In the following narrative, I used Bob Cordery's Developing the Portable Wargame WW2 rule set. The only difference was my own 'dice method' of determining initiative and unit activation. However, as a result of this action, I think I'll be looking a little more closely at the 'pin' option, with a view possibly of moderating some of its more punitive aspects, or possibly of dropping it altogether. Otherwise, this will not be a long narrative.
The rebel Baluchistan Armed Revolutionary Front (BARF) - for composition, see previous blog post - opened the ball with a battalion sized attack upon the high ground NE of Madasaiwannabi town, defended by 'C' Company, Imperial 22nd Punjanjoodi Battalion. Against possible retaliation from the town, the rebel machine gun and infantry gun detachments advanced to bring fire to bear on the place, and the mortars emplaced upon the northern outskirts of the town.
Although the early attacks on the ridge were handily repulsed - 1st and 2nd Coys, Ist Battalion took damaging hits, as did the defenders - because the attackers had had to fall back, they soon recovered their enthusiasm for the fight (the red 'pin' markers all came off). In the face of three times their strength, 'C' Company were fairly soon driven right off the feature, to the roadway. Whilst the mortar company, themselves under fire, held off the enemy 3rd Company, 'C' Company fell back behind them to the edge of the town.
Meanwhile, the fire supports against the town were producing a slow, yet steady trickle of casualties among the Imperial troops garrisoning the place. The MG platoon abandoned the NE quarter - and several smashed up MMGs - to establish a new line beside the southern highway exit from the town. By this time, the late-starting attack by the rebel left was getting fairly under way. Sixth Company had managed, with minimal loss, to get themselves athwart the right flank of 'A' Company, which experienced some difficulty maintaining themselves. Soon, 5 and 4 Companies, also came within rifle range, whilst Colonel Peenut Buttahjars himself directed the supporting fire of the MMG detachment. The armoured cars of 'C' Squadron, Muddi River Horse, drove back the Light MkVI tanks that represented at the time the Rebel's sole armoured inventory, but with no loss to either side.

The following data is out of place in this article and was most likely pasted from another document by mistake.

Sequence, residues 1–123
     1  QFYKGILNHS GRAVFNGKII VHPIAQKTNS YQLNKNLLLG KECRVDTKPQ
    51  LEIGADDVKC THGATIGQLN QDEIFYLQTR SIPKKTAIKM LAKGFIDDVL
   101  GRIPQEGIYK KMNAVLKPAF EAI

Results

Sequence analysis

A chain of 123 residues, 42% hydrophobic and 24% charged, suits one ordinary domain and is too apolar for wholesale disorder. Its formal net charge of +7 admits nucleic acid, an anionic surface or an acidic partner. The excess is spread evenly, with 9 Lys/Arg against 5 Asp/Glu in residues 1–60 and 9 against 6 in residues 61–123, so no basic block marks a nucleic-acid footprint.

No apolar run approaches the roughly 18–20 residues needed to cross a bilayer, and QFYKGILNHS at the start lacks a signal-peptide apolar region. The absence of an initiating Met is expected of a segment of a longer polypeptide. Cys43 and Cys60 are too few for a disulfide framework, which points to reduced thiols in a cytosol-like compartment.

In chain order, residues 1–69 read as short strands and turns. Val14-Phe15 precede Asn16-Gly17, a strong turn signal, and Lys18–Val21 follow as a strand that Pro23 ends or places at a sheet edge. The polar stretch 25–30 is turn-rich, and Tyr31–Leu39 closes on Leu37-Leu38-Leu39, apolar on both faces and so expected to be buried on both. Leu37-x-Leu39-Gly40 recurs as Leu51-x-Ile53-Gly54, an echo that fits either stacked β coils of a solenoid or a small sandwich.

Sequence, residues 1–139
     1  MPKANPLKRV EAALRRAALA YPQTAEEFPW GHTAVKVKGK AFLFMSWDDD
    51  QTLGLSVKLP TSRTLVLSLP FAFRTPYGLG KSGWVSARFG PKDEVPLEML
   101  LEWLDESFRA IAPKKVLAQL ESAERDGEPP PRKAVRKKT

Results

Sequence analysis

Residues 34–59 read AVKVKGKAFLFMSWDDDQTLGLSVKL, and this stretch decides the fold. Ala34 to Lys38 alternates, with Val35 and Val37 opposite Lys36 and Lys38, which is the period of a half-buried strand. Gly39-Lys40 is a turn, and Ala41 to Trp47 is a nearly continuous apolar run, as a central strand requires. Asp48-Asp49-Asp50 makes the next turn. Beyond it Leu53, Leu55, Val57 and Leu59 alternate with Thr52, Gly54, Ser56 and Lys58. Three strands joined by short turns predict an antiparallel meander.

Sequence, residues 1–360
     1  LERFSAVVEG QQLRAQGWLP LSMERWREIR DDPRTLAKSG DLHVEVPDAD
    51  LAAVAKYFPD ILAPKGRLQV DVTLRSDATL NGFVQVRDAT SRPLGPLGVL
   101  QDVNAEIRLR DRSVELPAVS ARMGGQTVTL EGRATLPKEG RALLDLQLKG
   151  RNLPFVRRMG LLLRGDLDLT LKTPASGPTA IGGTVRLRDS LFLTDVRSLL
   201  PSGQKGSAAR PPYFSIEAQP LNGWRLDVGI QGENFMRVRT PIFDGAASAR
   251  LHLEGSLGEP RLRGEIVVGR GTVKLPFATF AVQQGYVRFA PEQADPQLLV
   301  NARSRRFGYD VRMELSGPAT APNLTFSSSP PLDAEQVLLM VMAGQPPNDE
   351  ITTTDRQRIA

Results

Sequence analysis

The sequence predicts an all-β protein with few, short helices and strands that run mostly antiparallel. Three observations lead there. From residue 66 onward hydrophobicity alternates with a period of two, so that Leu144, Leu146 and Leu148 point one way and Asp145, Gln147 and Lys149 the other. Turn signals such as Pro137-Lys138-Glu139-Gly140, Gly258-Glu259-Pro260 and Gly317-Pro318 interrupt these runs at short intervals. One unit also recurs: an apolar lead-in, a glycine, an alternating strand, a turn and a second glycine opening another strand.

An aside, here, to foreshadow a comment at the end of this piece about AFVs and ARVs that carry machine guns.
As the struggle south of Madasaiwannabi developed, at the other side of town, the Rebels overran the mortar battery, and drove 'C' Company quite within the precincts. 'B' Company's position suddenly became so exposed that for a short while were pinned down by fire coming in from front and flank.
The position of 'A' Compnay was also becoming difficult. Driven back to the western end of the ridge, where they became pinned down, they found themselves assailed front and flank by two enemy rifle companies. The armoured cars did their best, wiping out the Rebel MG company, and damaging their 4th Company as well.
However, once pinned, and under close assault, unpinning became problematic, and 'A' Company's losses began to mount alarmingly. The relatively fresh 5th Company brought the Imperialists under close assault. Already repulsed at least once, 6th Company soon recovered themselves enough to join in the attack.
Under increasing pressure from I Battalion and support troops, the town's garrison, too, began to melt away.